by D. Thorsson
A man gets to spend a few extra hours with his wife, thanks to a few special friends.
Butterflies and Goodbyes
Dave Price awoke to a ringing. He rose from the sofa and glanced at the clock over the mantle. 2:23 am. He ran to the bedroom: no Debbie. His bowels turned to ice as he answered the phone.
Doctor Barker's face was grim. With nearly thirty-five years of experience it's never gotten easy. “Mr Price,” he said, “I'm afraid there's no change. The EEG indicates her brain is functioning, but not on a conscious level. Basically she's stuck in a dream state and can't get a link to her higher functions. We can't say for sure if the nerves are damaged or if something is simply blocking the electrical impulses. Either way the result seems to be the same.”
Dave wiped fresh tears away. He gestured to the respirator and heart pump and said, “What about her body? Will she regain those functions?”
The doctor said, “That's what I want to talk with you about. It's been eight days since the accident. She's not getting any better. In fact, she may be worsening.”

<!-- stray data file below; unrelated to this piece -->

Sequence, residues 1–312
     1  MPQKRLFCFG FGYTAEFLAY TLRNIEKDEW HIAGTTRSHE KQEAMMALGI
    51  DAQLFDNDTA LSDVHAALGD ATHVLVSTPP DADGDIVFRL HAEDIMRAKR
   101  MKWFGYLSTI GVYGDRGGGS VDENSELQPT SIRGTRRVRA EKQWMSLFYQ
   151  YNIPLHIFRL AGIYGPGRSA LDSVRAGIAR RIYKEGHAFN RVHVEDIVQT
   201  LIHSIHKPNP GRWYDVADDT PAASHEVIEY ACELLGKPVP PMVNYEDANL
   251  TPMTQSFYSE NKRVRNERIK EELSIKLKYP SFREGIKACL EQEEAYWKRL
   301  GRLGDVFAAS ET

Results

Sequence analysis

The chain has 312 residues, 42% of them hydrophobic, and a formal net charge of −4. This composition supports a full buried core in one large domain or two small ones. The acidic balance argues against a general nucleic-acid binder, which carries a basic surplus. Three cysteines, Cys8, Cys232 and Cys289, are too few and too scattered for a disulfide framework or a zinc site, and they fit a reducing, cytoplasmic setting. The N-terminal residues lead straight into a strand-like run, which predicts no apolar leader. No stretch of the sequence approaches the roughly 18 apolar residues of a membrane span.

“What could be worse than this?”
Doctor Barker looked from Dave to John and Erin Paulson, Debbie's parents. “Her body is shutting itself down,” he said.
John Paulson's voice broke as he inquired about the machines.
The doctor sighed. Now came the part he dreaded. “Technology can never substitute for biology. At best it is a very crude imitation. These computers are pumping Debbie's heart and squeezing her lungs, but in the end it's all up to her. David, Mr and Mrs Paulson, Debbie is dying. I think you need to take some time with her and say goodbye.”
Dave was aware they had all spoken with the doctor for some time after that, but he had no idea what was said. He had an impression that mention was made about turning off the life support, but Debbie's father wasn't ready to go that far yet.